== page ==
Benjamin Mendlowitz

Painting a boat in warm or cold weather requires careful use of modifiers that allow the paint to flow and level. A simple makeshift shelter can make a big difference, too, in blocking sunlight, retaining heat, and sheltering from wind and dew.

Dawn came early, as it so often does when one is anxious, and I was anxious. The forecast was for a hot and sunny day, a rare treat in our corner of the Pacific Northwest. Normally I would be elated at such a prediction, a chance to slow down, go for a lazy sail, or putter about the boat. But this was painting day, and, next to snow, intense heat was about the worst weather we could be dealt; it would cause the paint to dry too fast, thus leaving brush marks, sags, and lap lines where the so-called “wet edge”—the advancing front of fresh paint—was lost. We had spent days painstakingly sanding the hull with a longboard. Our arms hurt. Our backs hurt. Our heads hurt—probably from self-medicating our arms and back with contents from the cooler. It would take another day of cleaning and taping, but it would all be worth it if we could apply a perfect coat of paint.

Staging surrounded the boat, laid out so we could walk continuously down the length of each side without stopping or tripping. In a shady spot, we had laid out our paint, thinners, rags, extra brushes and rollers, and anything we might need in a hurry. The plan was for an early start. We wanted to dry off the dew, get the hull wiped down, and be painting as soon as possible so as to take advantage of the cool morning air. Three of us mixed up our paint, grabbed our tools of choice, and went for it—one person rolling, another “tipping” the rolled-on paint with a brush, and the third standing by to pour more paint when we ran out and look for holidays, runs, and sags. And, most important, this third person also adjusted the viscosity of the paint as we went along; we would call out to have brushing thinner added as the sun evaporated it out of the paint pot, or to further thin the paint as the day heated up, to assure that the paint would flow out and level off. Although we didn’t get a ticker-tape parade when we were done, we were pretty proud of the finished product.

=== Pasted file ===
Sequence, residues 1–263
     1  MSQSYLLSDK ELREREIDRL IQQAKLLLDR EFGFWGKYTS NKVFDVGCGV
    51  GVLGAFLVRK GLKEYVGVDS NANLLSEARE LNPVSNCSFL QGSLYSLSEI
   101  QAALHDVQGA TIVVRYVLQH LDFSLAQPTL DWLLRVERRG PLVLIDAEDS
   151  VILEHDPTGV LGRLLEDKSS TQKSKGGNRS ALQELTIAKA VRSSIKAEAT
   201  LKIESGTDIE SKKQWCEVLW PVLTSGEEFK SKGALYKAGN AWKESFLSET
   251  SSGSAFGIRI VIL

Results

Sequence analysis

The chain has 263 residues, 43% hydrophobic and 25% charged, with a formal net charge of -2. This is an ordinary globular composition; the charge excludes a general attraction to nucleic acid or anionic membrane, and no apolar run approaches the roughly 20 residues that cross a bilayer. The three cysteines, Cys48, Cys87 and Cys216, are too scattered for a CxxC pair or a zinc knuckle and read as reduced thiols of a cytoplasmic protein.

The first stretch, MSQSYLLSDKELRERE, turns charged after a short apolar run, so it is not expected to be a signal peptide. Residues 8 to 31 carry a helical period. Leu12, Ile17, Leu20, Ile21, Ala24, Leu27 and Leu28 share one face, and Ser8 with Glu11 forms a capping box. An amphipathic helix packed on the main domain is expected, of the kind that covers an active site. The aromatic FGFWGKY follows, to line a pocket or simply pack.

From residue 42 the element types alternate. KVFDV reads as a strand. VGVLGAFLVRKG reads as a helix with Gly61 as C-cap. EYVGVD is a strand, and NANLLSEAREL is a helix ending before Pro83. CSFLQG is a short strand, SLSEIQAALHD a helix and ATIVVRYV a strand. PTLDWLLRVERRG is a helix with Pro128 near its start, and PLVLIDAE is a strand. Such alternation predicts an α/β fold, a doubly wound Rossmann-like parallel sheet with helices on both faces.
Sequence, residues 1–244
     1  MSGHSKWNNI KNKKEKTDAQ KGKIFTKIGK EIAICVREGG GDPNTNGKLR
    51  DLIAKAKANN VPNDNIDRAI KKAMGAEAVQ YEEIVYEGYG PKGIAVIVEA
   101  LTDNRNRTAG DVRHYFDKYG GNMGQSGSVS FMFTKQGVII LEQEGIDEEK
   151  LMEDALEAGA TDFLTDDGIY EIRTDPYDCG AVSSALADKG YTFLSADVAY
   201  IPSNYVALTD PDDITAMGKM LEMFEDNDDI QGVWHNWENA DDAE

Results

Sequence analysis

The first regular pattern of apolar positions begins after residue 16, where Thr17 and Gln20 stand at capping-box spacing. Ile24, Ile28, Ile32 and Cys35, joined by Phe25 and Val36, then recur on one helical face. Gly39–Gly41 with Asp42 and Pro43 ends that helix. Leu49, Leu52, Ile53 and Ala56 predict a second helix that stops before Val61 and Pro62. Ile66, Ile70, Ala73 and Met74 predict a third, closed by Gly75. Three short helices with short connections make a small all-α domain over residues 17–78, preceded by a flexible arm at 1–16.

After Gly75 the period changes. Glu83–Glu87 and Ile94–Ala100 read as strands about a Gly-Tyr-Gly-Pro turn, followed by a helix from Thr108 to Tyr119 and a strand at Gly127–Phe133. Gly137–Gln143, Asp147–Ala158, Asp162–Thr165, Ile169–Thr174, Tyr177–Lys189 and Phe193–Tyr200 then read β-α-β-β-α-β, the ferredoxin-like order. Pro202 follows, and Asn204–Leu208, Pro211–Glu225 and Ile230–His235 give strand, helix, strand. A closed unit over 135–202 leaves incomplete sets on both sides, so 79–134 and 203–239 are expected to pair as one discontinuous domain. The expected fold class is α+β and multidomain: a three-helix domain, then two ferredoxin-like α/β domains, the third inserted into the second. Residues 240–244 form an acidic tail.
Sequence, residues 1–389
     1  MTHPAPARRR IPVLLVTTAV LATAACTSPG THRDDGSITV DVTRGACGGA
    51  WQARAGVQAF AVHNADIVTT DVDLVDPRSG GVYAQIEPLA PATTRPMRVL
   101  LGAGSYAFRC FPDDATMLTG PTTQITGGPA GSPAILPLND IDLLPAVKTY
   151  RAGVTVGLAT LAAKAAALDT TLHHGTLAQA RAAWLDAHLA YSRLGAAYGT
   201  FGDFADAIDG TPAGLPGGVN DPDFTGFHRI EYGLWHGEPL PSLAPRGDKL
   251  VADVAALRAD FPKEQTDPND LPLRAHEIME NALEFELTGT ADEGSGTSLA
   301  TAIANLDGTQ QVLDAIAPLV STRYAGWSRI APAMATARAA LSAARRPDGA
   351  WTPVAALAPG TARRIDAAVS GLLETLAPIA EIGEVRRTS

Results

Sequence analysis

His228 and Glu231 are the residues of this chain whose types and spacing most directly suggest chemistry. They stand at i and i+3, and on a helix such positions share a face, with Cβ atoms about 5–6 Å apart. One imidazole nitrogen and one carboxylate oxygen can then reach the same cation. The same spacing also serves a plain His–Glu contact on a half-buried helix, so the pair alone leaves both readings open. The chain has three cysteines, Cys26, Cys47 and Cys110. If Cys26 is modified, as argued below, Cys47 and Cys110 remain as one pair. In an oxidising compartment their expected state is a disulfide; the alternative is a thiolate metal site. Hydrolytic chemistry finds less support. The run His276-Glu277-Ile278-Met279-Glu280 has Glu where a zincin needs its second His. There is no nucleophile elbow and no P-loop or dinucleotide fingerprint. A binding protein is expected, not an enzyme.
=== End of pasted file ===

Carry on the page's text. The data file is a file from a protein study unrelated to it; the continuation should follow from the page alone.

By noon that day it was hot, and the wind had picked up. As we were cleaning up, we heard shouts of anger from somewhere in the boatyard. A bit of investigation revealed a jet-black boat practically spontaneously combusting in the heat of the day and her crew doing everything they could to hopelessly trowel on a decent paint job. It was a losing battle, but they were not giving up. They should have. I’m pretty sure at one point I saw a paintbrush stick to the side like a kindergartener’s macaroni-art project, and the conditions did not improve with time.

This article is about how to get your paint to flow and level. And the first thing you can do to assure success—before adding stuff to your paint, and before refining your application technique—is to pick the proper weather.

Picking Your Weather

Hot Weather

Have you ever read this on the label of a paint can: “Do not apply in direct sunlight,” and wondered, “why not?” In direct sunlight on a warm day, say over 75°F, a white finish can reach temperatures of 180°F degrees and black can reach 250°F. With those temperatures, not only are the solvents quickly leaving the paint, but the outer layer of paint is oxidizing (drying) too quickly, and locking the brush marks in place. There simply is no way for the paint to level—to smooth out once it is applied to the surface—let alone maintain a wet edge.

Perhaps you’ve heard the suggestion of putting your can of paint in the refrigerator until you are ready to paint. Don’t forget that the temperature of the surface to be painted is just as important as the air temperature and the temperature of the paint. So, if you are spreading your refrigerated paint in hot air on a boat that has been sitting in the sun, your problems will persist: as soon as the paint is exposed to the hot air and applied to the hot surface of the boat, the solvents are going to flash off, the outer layer is going to heat up and start to dry, and you’ll be left with paint that won’t flow out. The solution is simple, and right there on the label of the can: Do not apply in direct sunlight.